History Matters Series - "Swinging, Blue-Jeans Religion": Christian Rock and Evangelical Culture in the 1960s and 1970s
Alongside the headlines, radio sermons, about the Beatle scare in the mid-1960s there was another story emerging. The so-called generation gap and the trouble with wayward youth riled conservative Christians from coast to coast. In response to worries about the widening generation gap, many evangelicals — as well as Catholics and some mainline Protestants — made peace with the form of rock music. The embrace of rock was not too out of the ordinary. Conservative Christianity proved remarkably elastic, as believers had long used nearly any means necessary to steady the faltering or save the unconverted.
Billy Sunday, the most well-known fundamentalist preacher of the century, set the tone when he declared, "I'd stand on my head in a mud puddle if I thought it would help me win souls to Christ." By the late 1960s folk masses and traditional songs geared to a young audience became commonplace. Billy Graham shared the stage with Christian rock acts in the early 1970s and penned a book about the Jesus generation, even using the slang of "hippiedom" in the process. He, like many other faithful, decided that the genre could be baptized for godly purposes. Baby boomers and their parents — many of them Pentecostals — played a critical role in crafting a lively, more changeable, and culturally engaged faith. For evangelicalism to thrive, so went the logic, it had to adjust to the times and accommodate the youth culture. The new openness to the counterculture inspired millions.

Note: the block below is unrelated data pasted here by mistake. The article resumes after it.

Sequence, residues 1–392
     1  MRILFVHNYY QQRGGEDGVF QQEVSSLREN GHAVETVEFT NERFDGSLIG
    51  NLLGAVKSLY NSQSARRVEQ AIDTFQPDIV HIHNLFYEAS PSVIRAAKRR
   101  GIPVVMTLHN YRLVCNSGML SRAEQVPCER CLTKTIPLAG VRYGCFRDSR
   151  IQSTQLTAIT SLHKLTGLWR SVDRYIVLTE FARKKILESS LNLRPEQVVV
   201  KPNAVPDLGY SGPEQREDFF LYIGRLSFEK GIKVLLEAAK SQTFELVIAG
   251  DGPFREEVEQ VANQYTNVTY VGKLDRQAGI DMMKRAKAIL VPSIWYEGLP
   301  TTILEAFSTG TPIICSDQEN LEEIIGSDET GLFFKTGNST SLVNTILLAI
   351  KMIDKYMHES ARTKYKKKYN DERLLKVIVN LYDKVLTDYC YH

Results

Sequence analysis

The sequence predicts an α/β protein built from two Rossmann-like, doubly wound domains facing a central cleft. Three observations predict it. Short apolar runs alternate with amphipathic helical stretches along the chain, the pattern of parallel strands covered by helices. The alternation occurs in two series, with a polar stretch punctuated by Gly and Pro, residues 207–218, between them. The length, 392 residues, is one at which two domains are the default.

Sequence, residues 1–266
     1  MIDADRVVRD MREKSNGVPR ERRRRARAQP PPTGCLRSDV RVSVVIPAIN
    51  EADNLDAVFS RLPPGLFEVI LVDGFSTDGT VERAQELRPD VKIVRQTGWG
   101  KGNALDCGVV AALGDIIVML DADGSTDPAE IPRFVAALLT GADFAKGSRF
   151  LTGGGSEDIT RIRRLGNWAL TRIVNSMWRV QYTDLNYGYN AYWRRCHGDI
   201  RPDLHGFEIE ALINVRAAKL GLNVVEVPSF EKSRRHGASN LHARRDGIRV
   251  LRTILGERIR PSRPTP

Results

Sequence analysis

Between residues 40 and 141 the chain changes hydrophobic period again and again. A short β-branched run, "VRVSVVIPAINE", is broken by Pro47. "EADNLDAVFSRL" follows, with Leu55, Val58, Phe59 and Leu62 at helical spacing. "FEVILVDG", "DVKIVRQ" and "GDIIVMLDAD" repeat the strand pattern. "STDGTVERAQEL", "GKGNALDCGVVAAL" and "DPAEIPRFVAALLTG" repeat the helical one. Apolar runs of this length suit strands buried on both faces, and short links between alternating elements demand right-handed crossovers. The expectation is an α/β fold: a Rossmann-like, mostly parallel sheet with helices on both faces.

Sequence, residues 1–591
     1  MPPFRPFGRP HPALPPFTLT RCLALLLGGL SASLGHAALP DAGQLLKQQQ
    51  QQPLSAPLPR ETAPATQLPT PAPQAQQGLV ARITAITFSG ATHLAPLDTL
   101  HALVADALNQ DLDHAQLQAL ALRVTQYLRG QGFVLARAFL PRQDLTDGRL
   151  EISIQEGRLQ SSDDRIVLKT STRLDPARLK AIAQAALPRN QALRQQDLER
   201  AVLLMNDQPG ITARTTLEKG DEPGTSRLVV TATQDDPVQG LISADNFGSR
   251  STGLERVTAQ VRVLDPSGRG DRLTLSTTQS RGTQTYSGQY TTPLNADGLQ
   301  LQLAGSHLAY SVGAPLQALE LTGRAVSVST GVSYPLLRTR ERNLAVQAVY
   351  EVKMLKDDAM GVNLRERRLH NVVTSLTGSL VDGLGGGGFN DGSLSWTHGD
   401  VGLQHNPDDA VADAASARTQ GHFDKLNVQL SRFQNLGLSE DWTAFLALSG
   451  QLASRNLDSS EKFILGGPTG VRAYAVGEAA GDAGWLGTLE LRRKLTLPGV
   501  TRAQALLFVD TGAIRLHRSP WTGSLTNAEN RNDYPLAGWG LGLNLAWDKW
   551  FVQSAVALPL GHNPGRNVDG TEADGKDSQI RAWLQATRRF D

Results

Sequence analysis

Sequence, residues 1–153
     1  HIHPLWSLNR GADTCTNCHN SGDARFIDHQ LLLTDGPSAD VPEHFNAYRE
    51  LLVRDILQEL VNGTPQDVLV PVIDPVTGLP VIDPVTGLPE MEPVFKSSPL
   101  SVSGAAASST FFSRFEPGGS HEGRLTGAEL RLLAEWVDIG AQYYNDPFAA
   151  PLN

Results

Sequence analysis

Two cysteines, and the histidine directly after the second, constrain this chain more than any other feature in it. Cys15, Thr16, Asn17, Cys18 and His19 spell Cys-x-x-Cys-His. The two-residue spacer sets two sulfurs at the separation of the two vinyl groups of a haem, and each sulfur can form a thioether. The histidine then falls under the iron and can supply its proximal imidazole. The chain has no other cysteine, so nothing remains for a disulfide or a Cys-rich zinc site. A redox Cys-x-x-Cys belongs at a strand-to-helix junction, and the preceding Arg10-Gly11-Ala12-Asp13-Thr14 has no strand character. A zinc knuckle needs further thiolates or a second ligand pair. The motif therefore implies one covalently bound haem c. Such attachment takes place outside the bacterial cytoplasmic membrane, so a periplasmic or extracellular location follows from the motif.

Randall Stephens is an Associate Professor and Reader in History and American Studies at Northumbria University, Newcastle Upon Tyne, UK. He is the author The Fire Spreads: Holiness and Pentecostalism in the American South (Harvard University Press, 2008); The Anointed: Evangelical Truth in a Secular Age, co-authored with physicist Karl Giberson (Belknap Press of Harvard University Press, 2011); and editor of Recent Themes in American Religious History (University of South Carolina Press, 2009).
His current book project, The Devil's Music: Rock and Christianity Since the 1950s (under contract with Harvard University Press), will examine the relationship of rock music to American Christianity as well as the emergence of Christian Rock. Stephens has written for the Atlantic, Salon, Raw Story, the Wilson Quarterly, Books & Culture, Quartz, Christian Century, the Independent, the Chronicle of Higher Ed, and the New York Times. In 2012 he was a Fulbright Roving Scholar in American Studies in Norway.
Wednesday, April 12th
12:00 - 1:00 pm
photograph of a Harmony H82 Rebel guitar by Jason Scragz via Wikimedia Commons